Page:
Decorative image


When, where and how you have chemotherapy for vulval cancer, and the possible side effects.

How it works

These chemotherapy drugs destroy quickly dividing cells, such as cancer cells.

Why you have it

Your doctor may suggest chemotherapy to shrink your cancer before you have surgery. This is called neoadjuvant chemotherapy.

You might have the chemotherapy on its own, or combined with radiotherapy. This isn’t standard treatment at the moment. 

Your doctor may also suggest chemotherapy with radiotherapy if you are having radiotherapy as your main treatment. The chemotherapy helps the radiotherapy to work. It is called chemoradiation.

Some drugs are called radio sensitisers. These are drugs that can make cancer cells more at risk from radiation. The drugs you are most likely to have are either 5FU, cisplatin or both. 

You won't have chemotherapy every day when you are having radiotherapy. You will probably have treatments at the beginning of your radiotherapy course and weekly throughout. But there are different treatment plans, and you will have to ask your own specialist about your exact treatment schedule.

Chemotherapy for advanced cancer

Your specialist may suggest chemotherapy to try to control vulval cancer that has spread. Cisplatin is the drug doctors use most often. You may have this on its own or in combination with other chemotherapy drugs.

Cisplatin can cause kidney problems, so before the treatment you will usually have extra fluid through a drip. This helps to flush the cisplatin through your kidneys. For this reason, you may have to have this treatment in hospital.

How you have it

Chemotherapy for vulval cancer is usually given into your bloodstream (intravenously). 

You have the treatment through a drip into your arm. A nurse puts a small tube (a cannula) into one of your veins and connects the drip to it.

You might need a central line. This is a long plastic tube that gives the drugs into a large vein, either in your chest or through a vein in your arm. It stays in while you’re having treatment, which may be for a few months.

When you have it

You have chemotherapy as cycles of treatment, with breaks in between.

It is difficult to generalise because there are different timetables for different chemotherapy drugs. But you are most likely to have treatment for one to 5 days, with a break of 2 or 3 weeks between each treatment.

This allows your body to recover from the treatment. It also means the drugs catch the cancer cells at different stages of development. Chemotherapy can only kill cancer cells when they are growing and dividing into new cells. Each treatment will kill off cells that were resting last time round.

Where you have chemotherapy

You usually have treatment into your bloodstream at the cancer day clinic. You’ll sit in a chair for a few hours so it’s a good idea to take newspapers, books or electronic devices to help to pass the time.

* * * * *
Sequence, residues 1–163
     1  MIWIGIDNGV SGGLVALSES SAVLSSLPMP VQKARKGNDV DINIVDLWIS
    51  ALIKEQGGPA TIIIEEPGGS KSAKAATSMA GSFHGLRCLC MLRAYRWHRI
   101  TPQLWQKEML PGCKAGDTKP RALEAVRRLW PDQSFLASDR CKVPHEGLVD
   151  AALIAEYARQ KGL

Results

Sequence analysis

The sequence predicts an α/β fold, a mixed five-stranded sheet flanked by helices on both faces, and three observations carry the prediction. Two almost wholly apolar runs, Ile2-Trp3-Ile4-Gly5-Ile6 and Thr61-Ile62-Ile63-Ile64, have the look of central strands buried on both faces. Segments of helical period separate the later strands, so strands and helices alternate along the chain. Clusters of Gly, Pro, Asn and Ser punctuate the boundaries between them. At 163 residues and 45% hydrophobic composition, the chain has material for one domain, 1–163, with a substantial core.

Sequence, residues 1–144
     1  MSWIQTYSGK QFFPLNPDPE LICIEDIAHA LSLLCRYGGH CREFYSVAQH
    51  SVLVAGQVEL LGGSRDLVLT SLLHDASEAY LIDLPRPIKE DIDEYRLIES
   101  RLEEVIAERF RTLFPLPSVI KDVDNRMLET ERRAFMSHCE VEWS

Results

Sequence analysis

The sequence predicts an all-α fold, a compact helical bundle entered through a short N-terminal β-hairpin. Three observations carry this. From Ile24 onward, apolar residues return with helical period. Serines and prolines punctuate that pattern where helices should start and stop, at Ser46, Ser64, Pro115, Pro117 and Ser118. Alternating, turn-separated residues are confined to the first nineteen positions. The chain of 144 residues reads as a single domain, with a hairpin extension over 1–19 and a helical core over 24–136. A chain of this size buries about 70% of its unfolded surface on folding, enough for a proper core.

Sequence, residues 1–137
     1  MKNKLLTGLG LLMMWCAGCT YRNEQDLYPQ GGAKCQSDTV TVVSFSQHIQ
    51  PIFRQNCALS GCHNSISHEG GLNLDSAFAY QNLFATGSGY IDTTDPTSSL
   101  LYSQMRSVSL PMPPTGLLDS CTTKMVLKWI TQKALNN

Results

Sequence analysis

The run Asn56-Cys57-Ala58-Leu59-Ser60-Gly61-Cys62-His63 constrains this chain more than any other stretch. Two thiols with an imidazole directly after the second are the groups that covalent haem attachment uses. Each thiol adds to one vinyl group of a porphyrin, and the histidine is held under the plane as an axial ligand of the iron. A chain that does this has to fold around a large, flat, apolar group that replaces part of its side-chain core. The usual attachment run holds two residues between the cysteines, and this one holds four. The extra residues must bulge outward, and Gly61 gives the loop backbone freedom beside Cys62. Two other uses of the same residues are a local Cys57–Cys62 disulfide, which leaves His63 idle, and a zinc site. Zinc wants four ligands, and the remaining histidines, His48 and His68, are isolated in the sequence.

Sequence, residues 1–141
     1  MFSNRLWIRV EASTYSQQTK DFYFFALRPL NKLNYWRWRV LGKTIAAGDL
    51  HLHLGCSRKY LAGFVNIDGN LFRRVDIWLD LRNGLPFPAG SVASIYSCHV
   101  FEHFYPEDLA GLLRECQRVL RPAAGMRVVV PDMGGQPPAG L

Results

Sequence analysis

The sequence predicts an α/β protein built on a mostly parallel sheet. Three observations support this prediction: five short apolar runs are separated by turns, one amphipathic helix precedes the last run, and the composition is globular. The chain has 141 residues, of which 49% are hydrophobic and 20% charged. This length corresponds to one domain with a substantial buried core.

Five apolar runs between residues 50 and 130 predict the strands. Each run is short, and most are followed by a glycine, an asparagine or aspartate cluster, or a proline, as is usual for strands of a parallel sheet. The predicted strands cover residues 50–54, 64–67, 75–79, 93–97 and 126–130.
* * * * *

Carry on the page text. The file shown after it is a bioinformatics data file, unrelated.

You have some types of chemotherapy over several days. You might be able to have some drugs through a small portable pump you take home.

For some types of chemotherapy you have to stay in a hospital ward. This could be overnight or for a couple of days.

Before you start chemotherapy

You need to have blood tests to make sure it’s safe to start treatment. You have these either a few days before or on the day you start treatment. You have blood tests before each round or cycle of treatment.

Side effects

Common chemotherapy side effects include:

  • feeling sick
  • loss of appetite
  • losing weight
  • feeling very tired
  • a lower resistance to infections
  • bleeding and bruising easily
  • diarrhoea or constipation
  • hair loss
Contact your doctor or nurse immediately if you have any signs of infection such as a temperature higher than 38C or generally feeling unwell. Infections can make you very unwell very quickly.

Side effects depend on:

  • which drugs you have
  • how much of each drug you have
  • how you react

Tell your treatment team about any side effects that you have.

Most side effects only last for the few days that you’re having the chemotherapy drugs. Your treatment team can help to reduce your side effects.

If you have not yet had your menopause, it is important to know that chemotherapy can affect your ovaries. You may not be able to become pregnant after this type of treatment and may have an early menopause. You can have HRT for menopausal symptoms if you've had vulval cancer.

When you go home

Chemotherapy for vulval cancer can be difficult to cope with. Tell your doctor or nurse about any problems or side effects that you have. The nurse will give you telephone numbers to call if you have any problems at home.

Last reviewed: 
24 Feb 2016
  • Referral for suspected cancer. A clinical practice guideline
    The National Institute for Health and Care Excellence (NICE), June 2015
    Link to the referral guidelines on the NICE website

  • Guidelines for the Diagnosis and management of Vulval Carcinoma
    British Gynaecological Cancer Society and the Royal College of Obstetricians and Gynaecologists, May 2014

  • 2014 UK National Guideline on the Management of Vulval Conditions
    British Association for Sexual Health and HIV, February 2014

Information and help

Dangoor sponsorship

About Cancer generously supported by Dangoor Education since 2010.